Ulrike (Riikka) Prattes
Riikka’s doctoral thesis was about the “outsourcing” of domestic cleaning from private households to migrant women in the informal market. Feminist scholarship on outsourcing domestic and care work in the global North has importantly highlighted the interactions of gender with class, race, and ethnicity. An almost exclusive focus on differently situated women, however, tends to reproduce the organization and performance of reproductive work as a “women’s issue,” simultaneously shrouding men’s positions therein. Via an in-depth empirical study with domestic work outsourcing, opposite-sex couples in Vienna, Austria, Riikka’s thesis brings the affective relations and corporeal practices of responsiveness and non-responsiveness between men and women in outsourcing households, and their positioning vis-à-vis migrant domestic workers to the fore. While doing so, the project never loses track of the larger asymmetrical power relations within which these face-to-face encounters in the so-called “private” sphere are embedded.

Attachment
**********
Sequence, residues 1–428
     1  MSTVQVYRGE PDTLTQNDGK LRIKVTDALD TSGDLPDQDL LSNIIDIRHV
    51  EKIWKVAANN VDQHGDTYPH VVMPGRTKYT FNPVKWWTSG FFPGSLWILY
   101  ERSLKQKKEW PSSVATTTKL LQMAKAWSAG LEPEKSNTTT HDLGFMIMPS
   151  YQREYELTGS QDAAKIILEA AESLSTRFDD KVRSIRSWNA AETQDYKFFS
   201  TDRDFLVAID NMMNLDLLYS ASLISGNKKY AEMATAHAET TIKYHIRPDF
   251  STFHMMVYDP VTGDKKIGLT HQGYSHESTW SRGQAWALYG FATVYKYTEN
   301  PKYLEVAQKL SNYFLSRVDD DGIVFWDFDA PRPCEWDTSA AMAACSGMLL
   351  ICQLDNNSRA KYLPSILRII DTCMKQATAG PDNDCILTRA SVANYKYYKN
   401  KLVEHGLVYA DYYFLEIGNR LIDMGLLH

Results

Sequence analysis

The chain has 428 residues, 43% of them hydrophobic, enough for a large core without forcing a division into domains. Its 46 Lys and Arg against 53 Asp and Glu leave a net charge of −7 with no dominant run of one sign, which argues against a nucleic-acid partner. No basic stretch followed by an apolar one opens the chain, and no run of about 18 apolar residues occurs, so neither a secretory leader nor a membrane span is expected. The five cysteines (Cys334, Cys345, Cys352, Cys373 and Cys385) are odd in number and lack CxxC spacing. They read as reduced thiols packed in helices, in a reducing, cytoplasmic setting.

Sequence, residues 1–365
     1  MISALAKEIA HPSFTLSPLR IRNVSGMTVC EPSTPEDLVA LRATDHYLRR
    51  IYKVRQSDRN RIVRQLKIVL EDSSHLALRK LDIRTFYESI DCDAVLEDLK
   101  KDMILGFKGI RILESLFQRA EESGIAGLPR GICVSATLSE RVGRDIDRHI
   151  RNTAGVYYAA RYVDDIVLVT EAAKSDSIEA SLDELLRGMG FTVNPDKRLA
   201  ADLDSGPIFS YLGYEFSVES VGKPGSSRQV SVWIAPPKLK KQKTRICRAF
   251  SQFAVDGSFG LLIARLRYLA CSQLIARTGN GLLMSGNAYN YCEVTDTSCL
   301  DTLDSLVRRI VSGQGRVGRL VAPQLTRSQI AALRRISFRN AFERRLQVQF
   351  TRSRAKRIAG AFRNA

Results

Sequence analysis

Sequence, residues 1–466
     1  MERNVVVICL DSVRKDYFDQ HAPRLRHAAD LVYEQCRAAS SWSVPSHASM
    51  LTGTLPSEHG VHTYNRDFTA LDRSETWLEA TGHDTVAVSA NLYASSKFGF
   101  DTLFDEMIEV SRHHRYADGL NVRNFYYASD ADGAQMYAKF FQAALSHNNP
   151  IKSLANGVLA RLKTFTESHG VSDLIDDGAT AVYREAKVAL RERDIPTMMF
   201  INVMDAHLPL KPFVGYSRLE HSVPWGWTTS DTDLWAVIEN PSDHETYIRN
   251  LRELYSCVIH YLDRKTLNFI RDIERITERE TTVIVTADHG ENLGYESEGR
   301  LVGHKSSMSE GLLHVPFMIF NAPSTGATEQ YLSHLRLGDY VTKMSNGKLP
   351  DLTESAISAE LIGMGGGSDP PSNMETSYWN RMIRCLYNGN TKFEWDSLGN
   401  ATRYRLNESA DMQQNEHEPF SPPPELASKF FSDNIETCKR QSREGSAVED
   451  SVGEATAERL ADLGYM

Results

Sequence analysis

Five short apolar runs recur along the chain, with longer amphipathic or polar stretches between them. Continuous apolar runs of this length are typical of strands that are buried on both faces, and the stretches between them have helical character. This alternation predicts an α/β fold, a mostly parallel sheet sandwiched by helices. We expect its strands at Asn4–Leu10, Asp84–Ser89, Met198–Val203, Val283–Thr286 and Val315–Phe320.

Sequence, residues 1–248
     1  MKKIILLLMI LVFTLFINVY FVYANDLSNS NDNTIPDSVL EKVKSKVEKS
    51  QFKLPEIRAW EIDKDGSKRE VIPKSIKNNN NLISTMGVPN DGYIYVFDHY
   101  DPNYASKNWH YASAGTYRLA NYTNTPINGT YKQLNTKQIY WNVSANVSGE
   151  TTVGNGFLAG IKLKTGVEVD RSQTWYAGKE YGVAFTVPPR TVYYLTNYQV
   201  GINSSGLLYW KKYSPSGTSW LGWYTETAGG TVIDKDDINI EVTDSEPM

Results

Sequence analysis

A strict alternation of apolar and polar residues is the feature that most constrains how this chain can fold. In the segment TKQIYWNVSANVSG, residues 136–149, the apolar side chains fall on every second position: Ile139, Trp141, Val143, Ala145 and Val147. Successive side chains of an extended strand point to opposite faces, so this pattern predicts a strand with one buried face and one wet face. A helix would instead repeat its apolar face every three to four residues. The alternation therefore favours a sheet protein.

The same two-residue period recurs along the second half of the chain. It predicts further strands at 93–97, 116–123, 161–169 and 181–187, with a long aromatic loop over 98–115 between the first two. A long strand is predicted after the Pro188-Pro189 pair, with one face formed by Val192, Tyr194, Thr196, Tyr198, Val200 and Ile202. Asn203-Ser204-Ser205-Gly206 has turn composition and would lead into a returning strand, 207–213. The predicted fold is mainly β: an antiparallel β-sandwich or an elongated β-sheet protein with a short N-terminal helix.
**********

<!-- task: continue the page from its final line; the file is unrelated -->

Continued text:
Before joining ISJ Riikka earned a Mag.phil. (MA equivalent) with distinction in Social and Cultural Anthropology from the University of Vienna, Austria. For her Master’s thesis that investigated young men’s constructions of masculinities vis-à-vis “feminism,” Riikka received the prestigious Gabriele Possanner-prize. This prize is awarded by the Austrian Ministry of Science and Research for outstanding research promoting gender equality.
Riikka has a strong background in qualitative research. Her research expertise stretches from critical studies of men and masculinities and gender studies, feminist anthropology, feminism and multiculturalism, feminist theory, affect theory, the international division of reproductive labor, feminist care ethics, feminist epistemologies, to epistemologies of ignorance, and decolonial theory.